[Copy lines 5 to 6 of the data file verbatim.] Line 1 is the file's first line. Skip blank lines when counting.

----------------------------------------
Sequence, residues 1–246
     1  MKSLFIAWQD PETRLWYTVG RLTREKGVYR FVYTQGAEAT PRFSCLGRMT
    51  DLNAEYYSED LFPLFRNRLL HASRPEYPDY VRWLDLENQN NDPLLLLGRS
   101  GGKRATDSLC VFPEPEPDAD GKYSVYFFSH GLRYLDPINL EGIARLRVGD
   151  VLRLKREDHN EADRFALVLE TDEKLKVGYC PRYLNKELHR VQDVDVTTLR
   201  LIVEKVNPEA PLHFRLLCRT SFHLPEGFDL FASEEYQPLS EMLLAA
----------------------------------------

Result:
   151  VLRLKREDHN EADRFALVLE TDEKLKVGYC PRYLNKELHR VQDVDVTTLR
   201  LIVEKVNPEA PLHFRLLCRT SFHLPEGFDL FASEEYQPLS EMLLAA